Two appointments, two braces. The start of the season saw Red Bull prevail in both Grands Prix held up to now, with performances, especially in the race, clearly superior to those of their rivals.
After the first race in Bahrain, George Russell did not hide his fear that the Milton Keynes team could have such a large advantage that they could win every race of the championship, as it was for Mercedes at the beginning of the hybrid era. Starting from a solid foundation like the RB18, Red Bull has encountered a greater simplicity in the development phase, which has allowed it to continue to build on those strengths without having to make great sacrifices.
Something that, for example, hasn’t been matched by Ferrari or Mercedes, which over the winter have changed the philosophy of their cars more than what can be seen in their shapes, even going to sacrifice some of the best features to find a margin on the weaknesses.
Throughout the history of Formula 1, there have often been times when a team has been able to emerge above the rest of the grid, particularly at the dawn of major regulatory changes. Furthermore, with the introduction of the budget cap, that expenditure ceiling designed to limit costs, starting off on the wrong foot adds a further element of complexity to the climb to the top: in the case of the Star team, for example, there is no there will be enough money to introduce a new chassis this season, but that will have to wait until 2024.
Without a shadow of a doubt, arriving at a Grand Prix taking the result for granted is not a particularly exciting spectacle for the public, whose desire is to be able to witness world challenges fought from start to finish.
If on the one hand, as in any situation of domination, the first requests for regulatory changes to bring the grid closer together are “quietly”, on the other Red Bull’s rivals have not hidden their responsibilities, claiming that it is up to them to do a job best to beat the Milton Keynes team.
Max Verstappen, Red Bull Racing RB19, Carlos Sainz, Ferrari SF-23, Lewis Hamilton, Mercedes F1 W14, Charles Leclerc, Ferrari SF-23
Photo by: Mark Sutton / Motorsport Images
“I’ve never been a fan of being worried about a team dominating because if they can, it means that [quel team] he did a great job. They deserve it,” explained Carlos Sainz, who was asked for a save on Red Bull’s excellent start to the championship and if the fight for the title will only concern Perez and Verstappen.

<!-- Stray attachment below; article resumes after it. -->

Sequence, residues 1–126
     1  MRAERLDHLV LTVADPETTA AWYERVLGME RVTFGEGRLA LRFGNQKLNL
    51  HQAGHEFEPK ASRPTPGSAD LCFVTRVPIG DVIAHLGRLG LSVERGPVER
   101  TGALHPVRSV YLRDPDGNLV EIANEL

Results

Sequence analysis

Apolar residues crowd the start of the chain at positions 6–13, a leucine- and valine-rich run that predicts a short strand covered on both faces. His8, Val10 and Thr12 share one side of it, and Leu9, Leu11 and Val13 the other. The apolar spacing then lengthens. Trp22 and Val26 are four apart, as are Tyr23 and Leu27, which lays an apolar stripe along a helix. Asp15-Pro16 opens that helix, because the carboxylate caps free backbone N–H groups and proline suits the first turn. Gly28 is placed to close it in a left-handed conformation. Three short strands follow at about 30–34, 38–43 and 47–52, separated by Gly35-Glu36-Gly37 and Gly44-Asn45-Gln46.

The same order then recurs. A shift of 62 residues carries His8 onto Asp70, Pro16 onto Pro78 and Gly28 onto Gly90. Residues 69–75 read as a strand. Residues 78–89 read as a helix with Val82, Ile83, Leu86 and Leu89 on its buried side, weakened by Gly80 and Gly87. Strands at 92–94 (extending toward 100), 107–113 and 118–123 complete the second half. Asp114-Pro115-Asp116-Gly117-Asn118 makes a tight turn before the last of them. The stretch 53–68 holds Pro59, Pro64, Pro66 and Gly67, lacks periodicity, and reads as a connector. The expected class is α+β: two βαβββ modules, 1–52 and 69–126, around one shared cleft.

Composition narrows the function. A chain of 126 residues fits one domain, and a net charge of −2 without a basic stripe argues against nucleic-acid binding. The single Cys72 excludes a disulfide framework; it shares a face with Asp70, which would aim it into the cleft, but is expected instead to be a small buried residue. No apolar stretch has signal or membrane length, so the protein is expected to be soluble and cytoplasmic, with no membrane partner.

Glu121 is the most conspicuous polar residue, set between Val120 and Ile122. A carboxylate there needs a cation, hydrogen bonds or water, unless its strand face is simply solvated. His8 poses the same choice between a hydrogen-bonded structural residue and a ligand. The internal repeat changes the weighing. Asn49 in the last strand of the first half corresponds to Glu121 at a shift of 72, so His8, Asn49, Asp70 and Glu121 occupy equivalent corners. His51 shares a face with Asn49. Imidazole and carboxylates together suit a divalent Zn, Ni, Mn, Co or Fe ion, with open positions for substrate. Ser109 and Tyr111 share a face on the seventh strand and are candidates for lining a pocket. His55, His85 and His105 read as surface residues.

“I mean, I wish it was us [in quella posizione]. And then [in quel caso] I would get very angry if people cared that we were dominating in Formula 1. Sadly, this is a sport of cars rather than drivers. We know this makes the difference, even if Red Bull usually has a very strong line-up.”
“If a car is really good, all the other drivers can’t do much to stay in the fight. It’s the nature of Formula 1. We’ve seen it in the past and it’s nothing new,” added the Spaniard, who nonetheless maintained to underline in other interviews how the Scuderia from Maranello is working hard behind the scenes to be able to close the gap from the top and get back to fighting at the top.
Lewis Hamilton, Mercedes F1 W14, Max Verstappen, Red Bull Racing RB19
Photo by: Mark Sutton / Motorsport Images
Even Toto Wolff, who had experienced this situation at the beginning of the hybrid era when Mercedes could count on an advantage that was never fully disclosed, wanted to underline how it’s up to the competition to recover: “I think there were years in which we were just as strong , but this sport is a meritocracy”.
“While it’s not good for the show that they always win the same, it’s because they did a good job and we didn’t. We all hope for good entertainment, but it is our duty, with everything we have, to catch up and fight these guys We must not minimize [il loro successo dal punto di vista sportivo]because I remember hearing rumors like that in 2014, 2015, 2016, 2017, 2018, 2019 and 2020”.
“What makes this sport so special is that you have to work hard to win and you deserve it, that’s a fact. We will of course try to do everything in our power to fight back and try to identify any areas of weakness they may have.”
Sergio Perez, Red Bull Racing, 1st position, celebrates
Photo by: Zak Mauger / Motorsport Images
“The show follows the sport, and that’s perhaps not good from a commercial point of view, but that’s what makes Formula 1 so special,” explained Wolff.
An opinion similar to that of another team grappling with a difficult present, McLaren, which in the words of its Team Principal, Andrea Stella, has found an interpretation that wants to give credit to its opponents: “It’s not an amazing thing [il vantaggio della Red Bull]. For me it’s just the result of a team having an edge in terms of knowledge and the transformation of this knowledge into performance solutions. So congratulations to Red Bull” said the Italian.
“When you look at the car, you see its refinement. So, I think they deserve their success. It’s up to us to do a better job and challenge them.”
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